Plain language summary
Nutrition labels provide point-of-purchase information on the nutritional content of pre-packaged foods. This study is a post-hoc exploratory analysis of recorded label information viewing behaviour and associated packaged food purchases of study participants over the four-week intervention period. For this study combined data from all three intervention groups carried out in a previous study were analysed. Participants who scanned at least one product label and/or purchased at least one packaged food or non-alcoholic beverage over the four-week study intervention period were included. Results show that label information was viewed for approximately one fifth of all purchased products. Shoppers were most likely to view labelling information for convenience foods, cereals, snack foods, breads, and oils. Authors conclude that nutrition labels may influence healthier food purchases by those consumers who choose to use them.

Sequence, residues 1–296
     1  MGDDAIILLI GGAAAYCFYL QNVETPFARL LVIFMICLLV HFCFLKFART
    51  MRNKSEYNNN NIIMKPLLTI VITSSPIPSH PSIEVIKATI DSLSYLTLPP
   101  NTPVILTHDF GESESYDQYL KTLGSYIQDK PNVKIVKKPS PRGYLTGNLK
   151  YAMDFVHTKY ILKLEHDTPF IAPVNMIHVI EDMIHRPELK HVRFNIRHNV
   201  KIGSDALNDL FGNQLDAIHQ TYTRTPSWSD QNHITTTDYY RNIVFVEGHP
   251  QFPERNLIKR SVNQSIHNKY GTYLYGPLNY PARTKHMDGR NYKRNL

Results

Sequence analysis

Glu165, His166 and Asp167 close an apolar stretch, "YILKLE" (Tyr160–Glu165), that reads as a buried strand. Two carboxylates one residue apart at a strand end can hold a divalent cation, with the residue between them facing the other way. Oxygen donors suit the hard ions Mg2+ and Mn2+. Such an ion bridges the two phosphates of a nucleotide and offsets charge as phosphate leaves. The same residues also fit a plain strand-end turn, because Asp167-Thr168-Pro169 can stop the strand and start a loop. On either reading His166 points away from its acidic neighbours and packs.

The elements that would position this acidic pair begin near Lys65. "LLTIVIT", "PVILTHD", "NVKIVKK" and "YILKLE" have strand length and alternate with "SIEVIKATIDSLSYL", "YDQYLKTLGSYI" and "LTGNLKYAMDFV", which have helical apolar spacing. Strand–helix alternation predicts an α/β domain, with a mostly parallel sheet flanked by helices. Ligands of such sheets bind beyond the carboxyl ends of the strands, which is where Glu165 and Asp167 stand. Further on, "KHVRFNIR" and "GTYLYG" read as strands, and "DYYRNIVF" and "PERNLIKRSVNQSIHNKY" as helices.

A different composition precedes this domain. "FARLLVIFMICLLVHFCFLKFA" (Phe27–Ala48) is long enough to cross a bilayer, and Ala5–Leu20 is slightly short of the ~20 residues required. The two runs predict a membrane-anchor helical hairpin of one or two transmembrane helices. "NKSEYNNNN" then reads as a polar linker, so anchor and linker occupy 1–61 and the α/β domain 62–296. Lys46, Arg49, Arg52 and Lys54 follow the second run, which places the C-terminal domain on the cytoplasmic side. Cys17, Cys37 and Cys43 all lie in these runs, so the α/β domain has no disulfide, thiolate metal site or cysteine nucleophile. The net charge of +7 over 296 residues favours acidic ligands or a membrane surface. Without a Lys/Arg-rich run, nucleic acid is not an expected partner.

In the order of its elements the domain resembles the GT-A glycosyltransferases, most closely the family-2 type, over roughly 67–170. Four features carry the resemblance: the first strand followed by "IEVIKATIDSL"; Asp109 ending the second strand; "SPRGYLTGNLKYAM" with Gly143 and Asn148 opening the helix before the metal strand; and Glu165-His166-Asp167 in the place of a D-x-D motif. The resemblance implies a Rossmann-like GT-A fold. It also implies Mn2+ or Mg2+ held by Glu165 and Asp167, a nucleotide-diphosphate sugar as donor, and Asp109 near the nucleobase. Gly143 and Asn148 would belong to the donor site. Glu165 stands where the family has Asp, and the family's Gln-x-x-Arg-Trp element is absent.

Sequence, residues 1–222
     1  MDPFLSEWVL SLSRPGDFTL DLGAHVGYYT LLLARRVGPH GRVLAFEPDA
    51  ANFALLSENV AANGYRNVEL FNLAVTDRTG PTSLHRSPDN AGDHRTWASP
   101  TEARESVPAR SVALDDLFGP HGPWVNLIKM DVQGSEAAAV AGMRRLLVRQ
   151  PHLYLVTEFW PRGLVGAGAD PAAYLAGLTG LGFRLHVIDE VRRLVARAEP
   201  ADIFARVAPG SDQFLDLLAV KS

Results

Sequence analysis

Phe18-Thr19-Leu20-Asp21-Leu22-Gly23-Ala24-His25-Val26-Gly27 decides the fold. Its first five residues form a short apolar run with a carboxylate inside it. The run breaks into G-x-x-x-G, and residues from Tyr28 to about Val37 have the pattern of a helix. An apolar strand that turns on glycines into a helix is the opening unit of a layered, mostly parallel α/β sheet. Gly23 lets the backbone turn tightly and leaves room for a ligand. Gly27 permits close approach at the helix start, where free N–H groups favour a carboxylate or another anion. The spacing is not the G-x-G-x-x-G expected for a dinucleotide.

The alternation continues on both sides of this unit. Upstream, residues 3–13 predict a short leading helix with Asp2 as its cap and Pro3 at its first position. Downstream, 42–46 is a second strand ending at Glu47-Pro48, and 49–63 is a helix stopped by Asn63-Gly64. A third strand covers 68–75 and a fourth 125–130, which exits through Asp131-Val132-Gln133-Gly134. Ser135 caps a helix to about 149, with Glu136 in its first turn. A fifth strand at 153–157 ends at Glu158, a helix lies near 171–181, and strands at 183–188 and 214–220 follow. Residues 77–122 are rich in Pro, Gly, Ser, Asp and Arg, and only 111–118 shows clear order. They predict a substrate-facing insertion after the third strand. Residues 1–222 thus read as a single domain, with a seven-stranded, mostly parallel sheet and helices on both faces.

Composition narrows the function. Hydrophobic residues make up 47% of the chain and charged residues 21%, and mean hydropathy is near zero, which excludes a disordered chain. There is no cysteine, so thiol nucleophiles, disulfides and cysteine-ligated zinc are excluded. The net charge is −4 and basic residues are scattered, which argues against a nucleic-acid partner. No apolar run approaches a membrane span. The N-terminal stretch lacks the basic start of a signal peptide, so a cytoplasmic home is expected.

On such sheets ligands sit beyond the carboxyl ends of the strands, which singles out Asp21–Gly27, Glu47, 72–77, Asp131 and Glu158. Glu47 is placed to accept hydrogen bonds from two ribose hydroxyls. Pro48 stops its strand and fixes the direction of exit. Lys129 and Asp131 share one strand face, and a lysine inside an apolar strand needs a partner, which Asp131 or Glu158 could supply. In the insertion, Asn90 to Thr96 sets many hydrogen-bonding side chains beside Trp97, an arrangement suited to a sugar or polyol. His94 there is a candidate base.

BACKGROUND There are few objective data on how nutrition labels are used in real-world shopping situations, or how they affect dietary choices and patterns. DESIGN The Starlight study was a four-week randomised, controlled trial of the effects of three different types of nutrition labels on consumer food purchases: Traffic Light Labels, Health Star Rating labels, or Nutrition Information Panels (control). Smartphone technology allowed participants to scan barcodes of packaged foods and receive randomly allocated labels on their phone screen, and to record their food purchases. The study app therefore provided objectively recorded data on label viewing behaviour and food purchases over a four-week period. A post-hoc analysis of trial data was undertaken to assess frequency of label use, label use by food group, and association between label use and the healthiness of packaged food products purchased. RESULTS Over the four-week intervention, study participants (n = 1255) viewed nutrition labels for and/or purchased 66,915 barcoded packaged products. Labels were viewed for 23% of all purchased products, with decreasing frequency over time. Shoppers were most likely to view labels for convenience foods, cereals, snack foods, bread and bakery products, and oils. They were least likely to view labels for sugar and honey products, eggs, fish, fruit and vegetables, and meat. Products for which participants viewed the label and subsequently purchased the product during the same shopping episode were significantly healthier than products where labels were viewed but the product was not subsequently purchased: mean difference in nutrient profile score -0.90 (95% CI -1.54 to -0.26). CONCLUSIONS In a secondary analysis of a nutrition labelling intervention trial, there was a significant association between label use and the healthiness of products purchased. Nutrition label use may therefore lead to healthier food purchases.